Disabled vet calls Donald Trump’s ‘veteran’s hotline’ a campaign stunt with no substance

FILE - In this Oct. 7, 2015 file photo, Republican presidential candidate Donald Trump speaks during a campaign stop in Waterloo, Iowa. (AP Photo/Charlie Neibergall, File)

After this Popular Military article was published, Thomas Fant, a disabled veteran reached out to us, to share his story about Trump’s Veterans Hotline.

Many of his opponents criticize Donald Trump for providing very little detail when it comes to actual policy proposals. His “idea” to send veterans to private doctors sounds a lot like the Veterans Choice Act. Trump talks about creating “a whole new system… where veterans will go to private hospitals and doctors,” to receive the best care in the world.

The Trump campaign’s announcement about the hotline came just five days after the Republican front-runner was severely criticized in the media for comments he made about Sen. John McCain’s war record.

During a speech in September aboard the USS Iowa Trump said, “We are coming out with some plans… to build up our military…  gonna make our military so big, so strong, so great… it will be so powerful that I don’t think we’re ever going to have to use it.”

Earlier this summer, when Trump started emphasizing veteran’s issues and, in particular, the problems at the Department of Veterans Affairs, Fant says he “kept an open mind.”

Fant says his sister teases him relentlessly about Trump. As a child he was a huge fan of ‘The Donald’, and as a teenager, he says, he thought Trump was “the coolest.”

The native New Yorker, now 44 years old, has been trying for more than a year to get help from the VA for his knee problems. But like many others, has run into “long delays for treatment, bureaucratic mismanagement and scant access to care.”

So, when he had a chance to give Trump’s hotline a try he figured, “why not.”

Over the summer, Fant said he reached a woman at the hotline who “instructed me that the best thing to do was email or snail mail my concerns, preferably with documentation. There was a big emphasis on supplying documentation.”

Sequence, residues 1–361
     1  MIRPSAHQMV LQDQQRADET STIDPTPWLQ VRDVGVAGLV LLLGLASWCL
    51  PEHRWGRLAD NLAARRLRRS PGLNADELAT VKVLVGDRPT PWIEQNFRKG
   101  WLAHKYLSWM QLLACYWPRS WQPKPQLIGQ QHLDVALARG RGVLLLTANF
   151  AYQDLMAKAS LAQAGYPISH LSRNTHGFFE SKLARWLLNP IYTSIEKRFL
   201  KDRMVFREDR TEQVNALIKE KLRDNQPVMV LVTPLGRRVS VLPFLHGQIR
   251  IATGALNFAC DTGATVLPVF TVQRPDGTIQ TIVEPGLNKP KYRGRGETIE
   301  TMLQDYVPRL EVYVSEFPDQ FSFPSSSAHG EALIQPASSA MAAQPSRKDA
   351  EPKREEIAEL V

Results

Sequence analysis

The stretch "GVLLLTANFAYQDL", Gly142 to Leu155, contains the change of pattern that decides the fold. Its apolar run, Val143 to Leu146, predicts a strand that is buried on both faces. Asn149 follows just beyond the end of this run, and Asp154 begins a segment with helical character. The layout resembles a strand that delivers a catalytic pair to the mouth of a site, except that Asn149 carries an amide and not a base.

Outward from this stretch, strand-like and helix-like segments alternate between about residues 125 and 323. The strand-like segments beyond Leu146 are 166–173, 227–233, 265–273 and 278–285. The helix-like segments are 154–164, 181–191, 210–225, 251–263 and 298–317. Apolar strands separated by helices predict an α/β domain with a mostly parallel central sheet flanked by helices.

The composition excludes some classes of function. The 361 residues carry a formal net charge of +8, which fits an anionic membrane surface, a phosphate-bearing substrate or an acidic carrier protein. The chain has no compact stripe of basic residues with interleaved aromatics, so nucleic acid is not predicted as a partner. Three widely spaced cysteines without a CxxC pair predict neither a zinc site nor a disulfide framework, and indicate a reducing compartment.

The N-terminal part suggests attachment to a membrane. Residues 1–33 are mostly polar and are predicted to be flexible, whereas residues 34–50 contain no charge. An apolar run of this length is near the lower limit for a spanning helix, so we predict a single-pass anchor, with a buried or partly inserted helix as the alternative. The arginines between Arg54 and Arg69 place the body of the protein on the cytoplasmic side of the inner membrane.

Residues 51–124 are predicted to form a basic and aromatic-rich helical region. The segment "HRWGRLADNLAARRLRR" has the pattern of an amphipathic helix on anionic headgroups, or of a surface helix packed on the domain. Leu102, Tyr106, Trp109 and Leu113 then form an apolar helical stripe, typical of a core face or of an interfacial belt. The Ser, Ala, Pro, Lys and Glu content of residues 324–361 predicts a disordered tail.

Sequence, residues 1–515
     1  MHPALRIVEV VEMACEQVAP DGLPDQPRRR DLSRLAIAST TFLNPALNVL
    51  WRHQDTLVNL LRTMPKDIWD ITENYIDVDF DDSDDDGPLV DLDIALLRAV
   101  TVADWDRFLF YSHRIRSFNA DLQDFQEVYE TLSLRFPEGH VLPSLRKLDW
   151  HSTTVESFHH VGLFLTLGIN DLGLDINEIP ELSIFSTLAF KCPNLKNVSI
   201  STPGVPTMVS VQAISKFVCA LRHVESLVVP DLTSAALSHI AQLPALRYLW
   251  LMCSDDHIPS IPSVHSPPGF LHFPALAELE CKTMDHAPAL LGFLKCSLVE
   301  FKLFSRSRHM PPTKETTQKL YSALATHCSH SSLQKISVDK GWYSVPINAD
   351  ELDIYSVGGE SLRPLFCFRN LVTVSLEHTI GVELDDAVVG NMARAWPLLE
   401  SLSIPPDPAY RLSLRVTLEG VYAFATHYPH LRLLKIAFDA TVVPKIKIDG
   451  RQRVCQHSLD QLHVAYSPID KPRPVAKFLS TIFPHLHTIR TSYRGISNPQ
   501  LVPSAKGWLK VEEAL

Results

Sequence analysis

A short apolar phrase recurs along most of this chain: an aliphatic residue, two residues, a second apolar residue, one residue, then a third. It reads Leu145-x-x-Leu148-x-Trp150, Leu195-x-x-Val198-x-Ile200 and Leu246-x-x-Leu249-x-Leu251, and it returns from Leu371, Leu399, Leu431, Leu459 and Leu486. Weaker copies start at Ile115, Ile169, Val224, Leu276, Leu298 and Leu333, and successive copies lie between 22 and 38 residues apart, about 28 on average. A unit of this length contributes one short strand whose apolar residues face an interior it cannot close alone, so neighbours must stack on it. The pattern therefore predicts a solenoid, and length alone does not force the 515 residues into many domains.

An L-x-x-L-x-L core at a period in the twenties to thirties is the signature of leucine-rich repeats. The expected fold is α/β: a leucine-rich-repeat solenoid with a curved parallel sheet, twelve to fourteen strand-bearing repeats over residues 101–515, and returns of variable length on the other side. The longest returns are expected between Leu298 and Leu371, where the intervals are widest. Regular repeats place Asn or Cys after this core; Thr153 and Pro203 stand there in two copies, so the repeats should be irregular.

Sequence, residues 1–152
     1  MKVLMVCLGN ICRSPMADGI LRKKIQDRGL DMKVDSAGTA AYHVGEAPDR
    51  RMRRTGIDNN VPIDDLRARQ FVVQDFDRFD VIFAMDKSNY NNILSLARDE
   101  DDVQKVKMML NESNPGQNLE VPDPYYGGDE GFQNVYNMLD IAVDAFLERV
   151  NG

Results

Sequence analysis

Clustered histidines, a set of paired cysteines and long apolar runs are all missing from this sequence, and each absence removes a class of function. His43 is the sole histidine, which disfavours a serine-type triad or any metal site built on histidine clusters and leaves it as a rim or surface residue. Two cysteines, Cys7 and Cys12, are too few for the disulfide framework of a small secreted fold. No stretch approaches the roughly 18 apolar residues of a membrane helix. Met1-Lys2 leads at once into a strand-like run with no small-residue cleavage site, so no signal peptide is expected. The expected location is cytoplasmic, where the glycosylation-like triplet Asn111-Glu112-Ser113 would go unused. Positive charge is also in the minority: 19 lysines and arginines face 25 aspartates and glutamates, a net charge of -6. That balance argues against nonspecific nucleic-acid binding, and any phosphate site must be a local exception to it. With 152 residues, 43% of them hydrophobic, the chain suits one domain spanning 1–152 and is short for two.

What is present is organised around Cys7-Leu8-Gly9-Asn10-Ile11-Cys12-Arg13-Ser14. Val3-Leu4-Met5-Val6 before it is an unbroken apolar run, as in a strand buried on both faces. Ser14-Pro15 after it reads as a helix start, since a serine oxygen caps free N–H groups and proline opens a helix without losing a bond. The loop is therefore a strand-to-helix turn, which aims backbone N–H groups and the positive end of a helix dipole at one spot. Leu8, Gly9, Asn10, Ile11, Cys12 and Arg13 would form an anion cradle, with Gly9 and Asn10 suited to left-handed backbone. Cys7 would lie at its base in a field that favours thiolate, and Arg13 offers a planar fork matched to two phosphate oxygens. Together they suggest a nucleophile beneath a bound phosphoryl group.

He went ahead and submitted some information about his problems – mainly chronic dislocation from a knee injury he suffered while in the Coast Guard.  Fant says, his patella can slip out of place with just the slightest of movements, causing excruciatingly painful episodes.

After supplying the hotline “staff” with the requested information, Fant says he received what seemed like “canned” responses.

“Thank you for sharing your story,” one email read. Another statement read: “It is an embarrassment to America when our men and women who served have to struggle to get the care they earned and deserve. Mr. Trump is determined to fix the problems veterans face and your experience will be a part of the reform. Please know that fixing these problems is job one. Thank you for your service.”

Fant concluded the hotline was just a “campaign stunt without a lot of substance behind it.”

“He started this hotline and what was supposed to be a website to get vets help. That’s how it was pitched. But what it turned out to be was, “provide us with your stories and any sort of ideas you may have to improve things, and we’ll help,” Fant says.

He worries this hotline may cause more harm than good.  “If they’re promising to do something,” Fant says, “and saying, ‘hey send me your information, I’ve got a hotline,’ now all of the sudden you’re giving false hope to guys or women that may be counting on something to actually be done.”

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  • Michele graduated with a B.S. in Telecommunication from the University of Florida’s College of Journalism and Communications. She has spent numerous years working in the news industry in south Florida, including many positions ranging from being a news writer at WSVN, the Fox affiliate in Miami to being an associate news producer at WPLG-TV, the ABC affiliate in Miami. Michele has also worked in Public Relations and Marketing.

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